The VA’s Deadly Bureaucratic Drones

At least 40 American veterans are dead thanks to bureaucratic delays at Veterans Affairs clinics. But you wouldn’t know it from VA Secretary Gen. Eric Shinseki’s bland and bloodless demeanor at a Senate hearing Thursday. He droned on like an apathetic office manager fielding complaints about the copier being jammed.

Shinseki told the Senate panel he “can’t remember” getting warnings from federal watchdogs last fall about ghost clinics and double-scheduling schemes. He said he was “not aware” of explosive book-cooking allegations like the ones at a Fort Collins, Colo., VA facility, where employees were ordered to make their records show that veterans got appointments within 14 days of the day requested, whether or not it was true.

In response to bipartisan disgust with the VA’s serial incompetence and fatally long wait times, an oblivious Shinseki blathered about “customer satisfaction surveys.” And when it came time to deliver his calculated sound bite about being “mad as hell” at mounting allegations of criminal fraud and neglect, Shinseki’s perfunctory tone echoed a jaded 411 operator: “City and state, please?”

Asked whether VA employees who alter records should be fired, Shinseki’s deputy Robert Petzel said he didn’t know “whether that’s the appropriate level of punishment.” Shinseki interjected that a whopping 3,000 VA workers, including senior managers, had been “involuntarily removed” for misconduct last year — only to admit that an unknown number of those had simply been reassigned or allowed to retire.

In true paper-pusher form, the VA’s top brass have ordered yet another study to assess how and why the VA ignored years of other studies, reports, and audits of the department’s waste, fraud, and abuse. Showing even more tone-deafness, Shinseki bragged openly about his close friendship with top White House aide Rob Nabors, who is now overseeing the kabuki “review” of his department’s failures.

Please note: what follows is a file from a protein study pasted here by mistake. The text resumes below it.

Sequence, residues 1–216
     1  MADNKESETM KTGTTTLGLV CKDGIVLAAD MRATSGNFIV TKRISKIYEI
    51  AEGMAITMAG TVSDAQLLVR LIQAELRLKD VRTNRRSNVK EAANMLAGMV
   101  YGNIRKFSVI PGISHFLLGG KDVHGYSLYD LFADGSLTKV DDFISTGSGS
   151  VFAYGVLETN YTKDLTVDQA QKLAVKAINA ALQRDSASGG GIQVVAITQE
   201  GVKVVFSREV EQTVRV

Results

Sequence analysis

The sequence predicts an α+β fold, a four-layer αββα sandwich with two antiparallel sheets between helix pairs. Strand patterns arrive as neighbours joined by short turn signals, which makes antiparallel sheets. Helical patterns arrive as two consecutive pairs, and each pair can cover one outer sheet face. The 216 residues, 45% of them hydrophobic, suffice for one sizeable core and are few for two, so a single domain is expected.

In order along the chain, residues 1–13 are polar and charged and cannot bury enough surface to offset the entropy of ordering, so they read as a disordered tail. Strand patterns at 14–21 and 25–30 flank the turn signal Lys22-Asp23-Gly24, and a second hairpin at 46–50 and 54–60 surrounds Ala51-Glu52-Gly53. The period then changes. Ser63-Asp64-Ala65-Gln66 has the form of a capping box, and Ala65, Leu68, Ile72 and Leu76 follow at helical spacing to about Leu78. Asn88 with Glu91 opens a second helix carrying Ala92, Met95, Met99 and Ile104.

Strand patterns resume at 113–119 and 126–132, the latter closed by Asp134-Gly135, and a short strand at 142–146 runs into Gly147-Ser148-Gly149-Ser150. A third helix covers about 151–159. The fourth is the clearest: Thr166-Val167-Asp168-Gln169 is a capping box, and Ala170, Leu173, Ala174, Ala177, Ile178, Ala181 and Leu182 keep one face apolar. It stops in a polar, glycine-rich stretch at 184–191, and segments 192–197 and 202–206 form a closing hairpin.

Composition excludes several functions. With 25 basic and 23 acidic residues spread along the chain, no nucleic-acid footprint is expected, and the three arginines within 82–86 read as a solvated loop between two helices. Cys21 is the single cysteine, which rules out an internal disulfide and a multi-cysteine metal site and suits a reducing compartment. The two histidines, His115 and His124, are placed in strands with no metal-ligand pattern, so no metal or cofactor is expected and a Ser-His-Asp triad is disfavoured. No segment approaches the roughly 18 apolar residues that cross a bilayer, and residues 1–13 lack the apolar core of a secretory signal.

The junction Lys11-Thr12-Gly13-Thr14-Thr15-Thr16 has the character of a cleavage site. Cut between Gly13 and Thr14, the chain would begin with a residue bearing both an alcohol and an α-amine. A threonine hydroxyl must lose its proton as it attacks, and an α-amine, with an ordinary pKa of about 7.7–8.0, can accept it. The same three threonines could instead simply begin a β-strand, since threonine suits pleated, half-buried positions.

Can you spell crony whitewash?

Pressed on why he hadn’t reported illegal data falsification to the FBI, Shinseki demurred that it was the inspector general’s call, not his.

In other words: The buck stops somewhere else.

Attorney General Eric Holder hid behind the VA inspector general, too. There are no plans for a DoJ probe into the secret waiting lists at the Phoenix VA hospital, where scores of sick vets languished for months before perishing. Question: Why is activist zealot Holder so content to wait for the IG?

Given this administration’s shady record of crushing whistleblowers, railroading IGs, and replacing them with dirty lapdogs, Shinseki’s vow to “get to the bottom” of this latest deadly scandal while Holder and the FBI sit on the sidelines stinks to high hell.

Taking care of the nation’s war veterans is an obligation that has existed since the days of the Continental Congress. But for decades, under both GOP and Democratic administrations, the men and women who served our country have been literally left to die by government caretakers.

Fifteen years ago, I reported on VA bureaucrats who took better care of administrative buildings and vacant hospitals than their own patients. Back then, an independent General Accounting Office found that the agency was spending more than $1 million a day to sustain unneeded hospital buildings. Another $35 million was squandered annually to perform upkeep on empty space, including unused lots and warehouses, while vets were forced to file malpractice suits over substandard care.

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This post originally appeared on Western Journalism – Informing And Equipping Americans Who Love Freedom

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